Just about everything gets thrown into the blender. It’s so uncomfortable, so difficult! But if you can stick it out together, a deeper trust and understanding may develop. Your ability to communicate and understand other people will also be enhanced by your acquaintance with grief. You will grow more compassionate and more loving, and in doing so may find a richer experience yourself.



4 thoughts on “Dealing With Vision Loss in Your Partner, Parent or Best Friend

  1. Thank you so much for sharing. I am experiencing a very difficult time with my partner who has become blind in one eye and now the possibility of losing his sight in the other. We’ve had some counselling for preparation of possible unsuccessful surgery and beyond. It did help us though the depression of what’s ahead is overwhelming.
    Weve bought a new home and are meant to shift in soon., bad timing!!
    Im finding it very difficult. My man is doing his best to keep positive as I am, especially in front of him. I can’t express frustration, tiredness (I’m exhausted), how can I, compared with what he is going through.I’ve completely lost freedom as I feel I can’t leave him alone. I’m scared for him for me for us.

    1. Hello Grace, I am so sorry that you are both going through this very traumatic time. I don’t agree that it is worse for your husband. In the long term of course he is the one who has to live with this life-changing event, but just at this point I think you may be suffering at least as much.
      Please find ways to get support and help for yourself. Is there someone you can talk to at leat every week? Someone you trust – it could be a member of the clergy , or a therapist, or your sister – whoever you choose has to be a very good listener and not think they have any quick answers.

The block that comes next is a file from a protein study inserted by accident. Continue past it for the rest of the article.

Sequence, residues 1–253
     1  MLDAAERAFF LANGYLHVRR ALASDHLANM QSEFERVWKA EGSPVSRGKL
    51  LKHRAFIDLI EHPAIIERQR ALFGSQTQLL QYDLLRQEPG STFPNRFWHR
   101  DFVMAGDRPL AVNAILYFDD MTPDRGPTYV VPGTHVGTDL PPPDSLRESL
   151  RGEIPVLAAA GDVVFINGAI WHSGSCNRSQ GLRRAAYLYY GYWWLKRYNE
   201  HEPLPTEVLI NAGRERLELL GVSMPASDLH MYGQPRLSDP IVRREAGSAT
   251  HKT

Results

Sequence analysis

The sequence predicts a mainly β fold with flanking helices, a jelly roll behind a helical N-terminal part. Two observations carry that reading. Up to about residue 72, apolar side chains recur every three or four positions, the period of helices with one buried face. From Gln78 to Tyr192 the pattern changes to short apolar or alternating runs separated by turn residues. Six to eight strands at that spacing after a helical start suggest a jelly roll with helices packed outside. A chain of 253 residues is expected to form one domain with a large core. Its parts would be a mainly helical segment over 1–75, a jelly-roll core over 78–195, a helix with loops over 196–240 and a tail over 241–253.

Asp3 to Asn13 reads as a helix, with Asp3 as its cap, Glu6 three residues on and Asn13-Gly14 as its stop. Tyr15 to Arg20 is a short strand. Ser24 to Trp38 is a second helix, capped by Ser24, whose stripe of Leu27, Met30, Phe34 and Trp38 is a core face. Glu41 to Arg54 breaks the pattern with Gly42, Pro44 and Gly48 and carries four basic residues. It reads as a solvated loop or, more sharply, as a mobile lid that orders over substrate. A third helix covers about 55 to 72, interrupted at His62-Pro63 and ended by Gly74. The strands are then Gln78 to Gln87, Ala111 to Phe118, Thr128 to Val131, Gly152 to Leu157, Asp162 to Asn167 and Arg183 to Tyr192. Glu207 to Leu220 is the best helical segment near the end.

You also need some breaks! I don’t see why you can’t leave your husband comfortable in a room he knows well with the radio or TV and a refrigerator nearby, while you either go out somewhere for a break and a diversion, or get some much-needed rest – a long nap. You should also try to go out with a friend for the evening once a week. Leave your husband well-cared for perhaps with a neighbor who knows and will drop in during the evening for a chat.
      In my marriage, I was the one who lost sight and I know that I thought that my husband’s situation with all his hidden grieving and looking after me and being brave was more difficult – I was the one getting all the sympathy and the attention!
      If you would like to continue corresponding , please email me :
      All good wishes to you both, Hannah PS It will very slowly get easier. H.

    2. This is such a vivid description of how things are in the first year or so. There is so much awaiting your husband and you after this first period which is so painful, confusing and messy. Let me know if you don’t receive a contact email from me. Hannah

  2. Hannah, your point of view really spoke to me. Thank you for offering a dialog. How do you communicate in writing now that you don’t have vision?

    My husband has macular degeneration, rapidly progressing. Both of us are grieving and just beginning to talk about how we’ll manage. We need both emotional support and practical advice. Where to turn?